David Brooks on Sarah Palin: Running for President Is Not American Idol

David Brooks Meet the PressNBC’s Meet the Press with David Greggory opened its 2012 panel discussion by raising the subject of Sarah Palin’s newly announced bus tour and her chances for claiming the Republican nomination.  I don’t think I have to tell you that the Meet the Press stage is rarely a friendly place for Republicans; but this round table was particularly tough on the Former Alaska Governor and the strongest shots came from the “Right” side of the table.

David Brooks:

“Being President is waking up; somebody hands you a crisis; and says there’s a crisis in Venezuela; what are you going to do about it?  Does anyone think Sarah Palin’s ready for that?  I don’t think so.  She can manage her brand, but running for President is not American Idol.  And I think people may agree with her, they may like her, but that doesn’t mean they are going to vote for her.”

Alex Castellanos:

“Palin’s problem is that you just can’t echo the Republican Party’s resentments and lead.  You actually have to say ‘follow me, we’re going over here.’  Palin leaves the room and Republicans are exactly where they were before she entered.  So, she’s not taking the Party anywhere.  I don’t think she’s a serious candidate at all.  But the thing about the primaries David, and I’ve said this before, they don’t pick candidates, they make them.  This is such a tough process. Somebody’s going to beat somebody else.  That means they are going to grow.  They’ll get bigger.”

Watch the full discussion…
(David Brooks comments come at the 1:00 minute mark. Castellanos at the 3:25 mark.)

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  5 comments for “David Brooks on Sarah Palin: Running for President Is Not American Idol

  1. Al
    May 31, 2011 at 12:59 pm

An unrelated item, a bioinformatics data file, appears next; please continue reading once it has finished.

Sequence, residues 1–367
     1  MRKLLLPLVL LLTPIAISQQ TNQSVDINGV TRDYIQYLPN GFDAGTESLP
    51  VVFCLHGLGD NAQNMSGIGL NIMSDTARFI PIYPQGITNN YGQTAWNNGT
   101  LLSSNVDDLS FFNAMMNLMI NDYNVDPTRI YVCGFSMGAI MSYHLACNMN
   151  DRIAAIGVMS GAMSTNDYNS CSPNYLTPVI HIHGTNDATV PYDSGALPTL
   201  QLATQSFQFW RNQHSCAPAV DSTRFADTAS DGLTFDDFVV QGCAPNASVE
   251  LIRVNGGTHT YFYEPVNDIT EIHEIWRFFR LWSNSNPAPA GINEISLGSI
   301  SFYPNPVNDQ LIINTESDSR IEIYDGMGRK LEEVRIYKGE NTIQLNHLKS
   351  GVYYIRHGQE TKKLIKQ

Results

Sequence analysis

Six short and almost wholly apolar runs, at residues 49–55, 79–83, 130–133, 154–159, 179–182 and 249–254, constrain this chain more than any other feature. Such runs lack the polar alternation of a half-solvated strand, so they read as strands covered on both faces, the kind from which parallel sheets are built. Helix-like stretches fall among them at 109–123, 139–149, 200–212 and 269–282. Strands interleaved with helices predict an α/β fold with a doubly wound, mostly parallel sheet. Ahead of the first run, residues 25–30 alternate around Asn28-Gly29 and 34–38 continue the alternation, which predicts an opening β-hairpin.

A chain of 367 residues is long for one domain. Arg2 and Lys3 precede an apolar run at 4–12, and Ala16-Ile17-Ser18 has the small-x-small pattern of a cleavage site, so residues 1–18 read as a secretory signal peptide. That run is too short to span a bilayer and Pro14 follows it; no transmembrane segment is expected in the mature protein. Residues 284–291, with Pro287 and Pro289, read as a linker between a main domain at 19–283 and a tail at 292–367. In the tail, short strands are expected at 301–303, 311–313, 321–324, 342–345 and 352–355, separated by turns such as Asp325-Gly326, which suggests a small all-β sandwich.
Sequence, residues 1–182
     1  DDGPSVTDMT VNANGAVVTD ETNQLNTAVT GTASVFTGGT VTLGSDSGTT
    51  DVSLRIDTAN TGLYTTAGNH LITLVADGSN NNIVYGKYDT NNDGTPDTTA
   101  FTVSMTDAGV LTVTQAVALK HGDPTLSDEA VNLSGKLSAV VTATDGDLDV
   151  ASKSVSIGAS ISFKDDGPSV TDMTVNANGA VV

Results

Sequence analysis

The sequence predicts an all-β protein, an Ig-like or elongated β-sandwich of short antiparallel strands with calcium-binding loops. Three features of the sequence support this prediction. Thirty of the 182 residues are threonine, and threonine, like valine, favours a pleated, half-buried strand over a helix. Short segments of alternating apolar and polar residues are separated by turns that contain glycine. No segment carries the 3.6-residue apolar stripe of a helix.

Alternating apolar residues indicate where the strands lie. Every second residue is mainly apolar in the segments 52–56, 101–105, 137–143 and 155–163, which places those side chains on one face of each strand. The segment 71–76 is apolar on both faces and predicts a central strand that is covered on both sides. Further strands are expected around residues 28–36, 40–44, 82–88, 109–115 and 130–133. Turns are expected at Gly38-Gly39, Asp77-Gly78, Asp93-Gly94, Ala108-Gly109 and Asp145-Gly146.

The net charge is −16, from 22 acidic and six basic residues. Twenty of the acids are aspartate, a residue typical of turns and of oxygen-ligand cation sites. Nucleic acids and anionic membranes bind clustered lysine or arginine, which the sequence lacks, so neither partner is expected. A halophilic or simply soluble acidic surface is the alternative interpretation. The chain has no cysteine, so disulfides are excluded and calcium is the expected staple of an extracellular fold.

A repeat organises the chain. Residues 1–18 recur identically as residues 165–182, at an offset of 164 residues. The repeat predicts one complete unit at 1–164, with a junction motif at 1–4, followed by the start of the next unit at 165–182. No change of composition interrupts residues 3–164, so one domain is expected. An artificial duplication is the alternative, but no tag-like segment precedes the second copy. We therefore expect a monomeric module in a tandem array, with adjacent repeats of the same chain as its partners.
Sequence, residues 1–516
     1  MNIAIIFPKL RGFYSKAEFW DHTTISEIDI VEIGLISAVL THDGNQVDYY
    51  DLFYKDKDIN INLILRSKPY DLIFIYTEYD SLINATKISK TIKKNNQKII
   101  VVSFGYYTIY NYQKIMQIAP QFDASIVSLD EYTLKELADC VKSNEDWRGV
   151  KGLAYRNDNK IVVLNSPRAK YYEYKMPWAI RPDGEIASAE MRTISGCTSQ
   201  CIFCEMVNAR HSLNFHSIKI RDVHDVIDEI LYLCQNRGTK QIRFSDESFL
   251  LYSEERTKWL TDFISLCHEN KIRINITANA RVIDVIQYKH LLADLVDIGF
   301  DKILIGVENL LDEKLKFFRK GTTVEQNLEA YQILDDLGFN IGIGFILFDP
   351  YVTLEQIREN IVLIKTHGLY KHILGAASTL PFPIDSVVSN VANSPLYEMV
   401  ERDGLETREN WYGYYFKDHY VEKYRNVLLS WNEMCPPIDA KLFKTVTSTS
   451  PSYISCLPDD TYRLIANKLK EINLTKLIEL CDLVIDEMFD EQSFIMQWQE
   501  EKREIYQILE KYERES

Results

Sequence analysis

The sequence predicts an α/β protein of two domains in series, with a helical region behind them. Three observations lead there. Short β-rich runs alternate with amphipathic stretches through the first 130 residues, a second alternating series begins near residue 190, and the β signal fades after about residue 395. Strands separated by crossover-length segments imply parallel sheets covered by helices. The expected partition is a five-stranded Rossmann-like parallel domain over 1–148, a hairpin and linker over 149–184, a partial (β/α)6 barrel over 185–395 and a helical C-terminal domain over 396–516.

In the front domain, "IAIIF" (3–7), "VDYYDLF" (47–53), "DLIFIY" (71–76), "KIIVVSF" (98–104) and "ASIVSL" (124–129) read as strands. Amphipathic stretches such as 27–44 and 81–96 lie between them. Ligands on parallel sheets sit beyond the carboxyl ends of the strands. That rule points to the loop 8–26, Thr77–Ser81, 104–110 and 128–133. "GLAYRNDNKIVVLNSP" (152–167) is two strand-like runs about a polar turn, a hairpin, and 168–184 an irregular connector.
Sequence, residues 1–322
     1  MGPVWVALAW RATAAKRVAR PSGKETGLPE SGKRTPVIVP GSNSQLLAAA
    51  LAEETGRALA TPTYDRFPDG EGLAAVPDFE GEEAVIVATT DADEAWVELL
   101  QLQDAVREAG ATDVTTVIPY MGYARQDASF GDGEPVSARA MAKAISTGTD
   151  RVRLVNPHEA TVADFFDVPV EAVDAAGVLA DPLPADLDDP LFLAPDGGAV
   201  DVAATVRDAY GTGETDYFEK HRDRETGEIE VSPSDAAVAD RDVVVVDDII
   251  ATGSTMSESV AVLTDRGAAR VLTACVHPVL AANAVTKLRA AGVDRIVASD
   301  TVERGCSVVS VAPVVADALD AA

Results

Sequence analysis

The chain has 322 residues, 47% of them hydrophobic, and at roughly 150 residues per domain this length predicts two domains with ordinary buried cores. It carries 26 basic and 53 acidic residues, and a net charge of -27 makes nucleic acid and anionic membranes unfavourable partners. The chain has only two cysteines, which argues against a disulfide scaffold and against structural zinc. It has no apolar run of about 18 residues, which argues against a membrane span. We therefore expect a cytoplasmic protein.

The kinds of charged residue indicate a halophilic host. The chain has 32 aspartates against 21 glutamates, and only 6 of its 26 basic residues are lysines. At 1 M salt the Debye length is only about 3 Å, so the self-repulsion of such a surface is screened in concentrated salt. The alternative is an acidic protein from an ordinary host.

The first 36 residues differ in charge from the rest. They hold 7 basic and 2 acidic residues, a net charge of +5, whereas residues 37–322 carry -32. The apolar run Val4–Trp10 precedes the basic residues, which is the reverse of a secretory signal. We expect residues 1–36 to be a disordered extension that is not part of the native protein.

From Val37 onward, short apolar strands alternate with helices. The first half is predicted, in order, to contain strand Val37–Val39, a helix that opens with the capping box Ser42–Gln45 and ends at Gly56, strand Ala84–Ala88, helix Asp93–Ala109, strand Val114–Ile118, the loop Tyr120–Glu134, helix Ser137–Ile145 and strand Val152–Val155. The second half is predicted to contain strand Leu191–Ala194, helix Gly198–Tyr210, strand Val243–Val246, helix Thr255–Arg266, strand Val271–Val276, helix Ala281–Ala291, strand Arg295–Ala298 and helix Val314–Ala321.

This is in answer to Mr Brooks comment as to Palin answering a 3am call

    Think about this–at least she won’t be on the golf course

    • May 31, 2011 at 3:24 pm

      Fine point. Very fine point indeed.

      Only problem I have with that is this. It should go without saying regardless of who enters the primary race, but I think it is even more fitting should Palin decide to run… we must not forget that we are choosing a candidate to oppose Barack Obama. Any criticism of one candidate over the other is not an endorsement of Barack Obama. In the hearts and minds of nearly every Republican, that’s not even an option. It’s a dangerous argument to frame every debate in terms of “would you rather have Obama?” If that were the case, we’d be back to picking the “most electable.” I think we all know where that got us in 2008.

      I can’t speak for Mr. Brooks – or even Mr. Will for that matter- but I can say that I don’t see the choice in the primary as having anything to do with the conversation in the general. On a sliding scale of a candidate’s virtues, I think many will give a pass on most if faced with the decision of measuring measurables against that of President Obama.

  2. roger killelea
    May 31, 2011 at 4:24 pm

    this is arar of shills.. if the same nonsense is reprated often enough people will cometo believe that it is a fact

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